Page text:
If you are a lover of mystery stories, you will certainly have heard of The Name of the Rose, whether you have read the novel or not. It is a famous work of fiction by Umberto Eco, which narrates the dark adventure of the English monk William of Baskerville and his pupil Adso of Melk, in an unspecified monastery in the Italian Alps.
As far as we know, this place could have been on the Via Francigena, but Adso da Melk does not describe its exact location. However, we have wondered if there are any mystery places along the way, and thanks to the DMO association ‘Francigena Sud nel Lazio’, we have made some interesting discoveries along the Via Francigena in Southern Lazio, which we would like to share with you.
Family mysteries in Castel Gandolfo
On the Alban Hills, in the municipality of Castel Gandolfo, there are ancient papal residences that have been called Papal Villas since 1932. Among them, Villa Barberini: capturing your attention, is not only the evocative gardens, but above all a mysterious legend linked to the Barberini family. It seems, in fact, that in the building dwells the spirit of a young man (as accurately reported in “I Fantasmi dei Castelli Romani”, 2022, by Italian Ghost Story), whose likeness coincides with the witnesses of all those who claim to have seen him along the Villa’s boundary wall.
It would be a male figure with marked features and a wound on the right temple, dressed in a dinner jacket, shirt with lapels, waistcoat, a tie with a precious brooch attached, and trousers with a centre crease. According to some, this could be an illegitimate son in the Barberini family, who killed his father accidentally during an argument, and who took his own life immediately after committing this crime. His remains are said to have been buried in unholy ground at the edge of the estate, and his spirit has wandered restlessly around the Villa ever since.
The Pentima della Vecchiaccia on Lake Albano
Leaving Castel Gandolfo, you come to the shores of Lake Albano, which is characterised by three spine-chilling tales about it, such as the one about the Delphic oracle and an underground emissary, the chilling true story of the body of a decapitated woman found on its shores in 1955, and the legend of the Pentima della Vecchiaccia.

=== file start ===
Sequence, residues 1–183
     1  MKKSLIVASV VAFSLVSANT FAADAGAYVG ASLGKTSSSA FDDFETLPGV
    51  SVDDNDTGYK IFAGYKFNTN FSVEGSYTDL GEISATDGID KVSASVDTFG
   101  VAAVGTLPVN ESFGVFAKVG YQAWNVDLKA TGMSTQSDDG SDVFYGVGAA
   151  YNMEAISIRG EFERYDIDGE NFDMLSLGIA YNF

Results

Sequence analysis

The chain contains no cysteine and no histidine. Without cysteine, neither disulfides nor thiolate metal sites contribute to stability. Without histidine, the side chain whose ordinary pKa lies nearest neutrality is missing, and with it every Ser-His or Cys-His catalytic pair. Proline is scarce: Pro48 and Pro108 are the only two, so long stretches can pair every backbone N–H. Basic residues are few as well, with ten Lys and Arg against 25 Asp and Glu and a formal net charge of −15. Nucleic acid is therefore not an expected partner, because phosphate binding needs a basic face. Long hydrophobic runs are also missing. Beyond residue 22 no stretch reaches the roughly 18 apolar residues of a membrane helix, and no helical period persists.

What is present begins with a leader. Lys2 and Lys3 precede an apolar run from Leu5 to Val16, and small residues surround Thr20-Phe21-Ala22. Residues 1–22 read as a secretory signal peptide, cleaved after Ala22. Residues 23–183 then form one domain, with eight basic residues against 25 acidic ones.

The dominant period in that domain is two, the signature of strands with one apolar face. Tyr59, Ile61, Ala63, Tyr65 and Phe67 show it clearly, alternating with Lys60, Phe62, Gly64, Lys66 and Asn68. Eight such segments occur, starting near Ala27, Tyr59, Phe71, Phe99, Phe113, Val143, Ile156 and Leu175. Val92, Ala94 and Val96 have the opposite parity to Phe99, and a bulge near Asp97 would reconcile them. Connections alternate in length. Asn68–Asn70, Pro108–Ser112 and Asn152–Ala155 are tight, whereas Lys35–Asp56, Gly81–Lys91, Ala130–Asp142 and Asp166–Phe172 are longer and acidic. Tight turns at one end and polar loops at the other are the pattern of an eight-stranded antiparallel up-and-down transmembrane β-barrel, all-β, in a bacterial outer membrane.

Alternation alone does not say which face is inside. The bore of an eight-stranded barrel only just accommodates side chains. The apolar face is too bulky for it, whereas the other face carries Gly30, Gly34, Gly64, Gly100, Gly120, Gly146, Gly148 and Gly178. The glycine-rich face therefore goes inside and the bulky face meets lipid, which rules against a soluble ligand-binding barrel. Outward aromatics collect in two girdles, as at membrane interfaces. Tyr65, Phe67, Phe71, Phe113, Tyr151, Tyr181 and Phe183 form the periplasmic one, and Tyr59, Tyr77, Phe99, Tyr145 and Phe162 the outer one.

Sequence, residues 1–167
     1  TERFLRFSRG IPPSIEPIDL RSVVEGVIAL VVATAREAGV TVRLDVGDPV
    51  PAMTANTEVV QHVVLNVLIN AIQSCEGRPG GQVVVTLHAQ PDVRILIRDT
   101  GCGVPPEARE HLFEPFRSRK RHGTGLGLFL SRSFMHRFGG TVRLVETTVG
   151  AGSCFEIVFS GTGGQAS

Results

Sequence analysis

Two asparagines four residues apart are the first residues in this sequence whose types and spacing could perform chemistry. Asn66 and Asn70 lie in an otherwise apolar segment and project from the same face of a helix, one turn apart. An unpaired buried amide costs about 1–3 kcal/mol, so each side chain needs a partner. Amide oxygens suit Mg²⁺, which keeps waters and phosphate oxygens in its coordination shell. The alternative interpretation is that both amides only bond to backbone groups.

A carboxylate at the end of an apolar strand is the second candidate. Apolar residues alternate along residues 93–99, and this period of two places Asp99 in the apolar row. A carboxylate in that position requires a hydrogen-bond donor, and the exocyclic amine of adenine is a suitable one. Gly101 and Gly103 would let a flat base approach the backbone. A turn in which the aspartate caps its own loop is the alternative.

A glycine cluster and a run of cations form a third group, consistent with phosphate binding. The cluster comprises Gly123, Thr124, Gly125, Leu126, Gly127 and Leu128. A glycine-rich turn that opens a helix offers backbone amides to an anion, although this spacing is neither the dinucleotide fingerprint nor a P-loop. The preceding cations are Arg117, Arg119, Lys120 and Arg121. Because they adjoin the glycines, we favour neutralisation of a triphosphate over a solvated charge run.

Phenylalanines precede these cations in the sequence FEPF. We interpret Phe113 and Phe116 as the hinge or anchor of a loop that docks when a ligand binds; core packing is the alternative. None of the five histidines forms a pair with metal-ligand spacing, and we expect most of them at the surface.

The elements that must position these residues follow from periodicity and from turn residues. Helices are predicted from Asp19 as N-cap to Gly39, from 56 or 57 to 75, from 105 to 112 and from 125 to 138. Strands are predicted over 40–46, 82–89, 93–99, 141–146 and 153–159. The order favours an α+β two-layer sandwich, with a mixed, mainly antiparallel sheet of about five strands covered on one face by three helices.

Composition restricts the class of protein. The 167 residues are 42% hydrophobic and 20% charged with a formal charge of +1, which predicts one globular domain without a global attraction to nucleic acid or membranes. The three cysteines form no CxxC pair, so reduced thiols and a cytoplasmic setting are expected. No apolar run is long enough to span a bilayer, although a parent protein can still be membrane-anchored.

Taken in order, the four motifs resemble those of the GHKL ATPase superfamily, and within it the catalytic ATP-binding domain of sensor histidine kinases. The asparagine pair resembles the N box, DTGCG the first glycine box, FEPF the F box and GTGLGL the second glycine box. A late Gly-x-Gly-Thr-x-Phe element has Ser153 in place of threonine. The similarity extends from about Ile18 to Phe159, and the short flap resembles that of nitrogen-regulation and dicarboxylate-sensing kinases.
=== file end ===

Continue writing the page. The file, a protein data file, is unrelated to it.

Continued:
Pentima (or pèndima), a word of pre-Latin origin, indicates in local jargon a rocky boulder, cliff or precipice that generally characterises the shores of the lakes in the Alban Hills area, and which characterises one of the hiking routes on the lake, from which you can enjoy a spectacular view. To get there, starting from the Capuchin monastery, you have to go into the woods, along a dire path with a considerable difference in height, so you have to walk close to the rock face. Along the way, you can see tufa caves carved into the rock, but what will certainly attract your attention will be the presence of esoteric symbols placed on the rocks, which unfortunately lead back to improper rituals.
Well, it is said that, in ancient times, an old woman accused of witchcraft threw herself into the lake to commit suicide and thus escape persecution, and that today her spirit, like a siren’s song, hovers in the air to invite unsuspecting visitors to jump in their turn. Indeed, those who have walked this stretch claim to have been seized by ambivalent feelings of anguish, fear, vertigo and attraction towards the void. Apparently, the dogs of some hikers also behaved abnormally close to the overhang.
Ghost children and other legends between Sezze and Sermoneta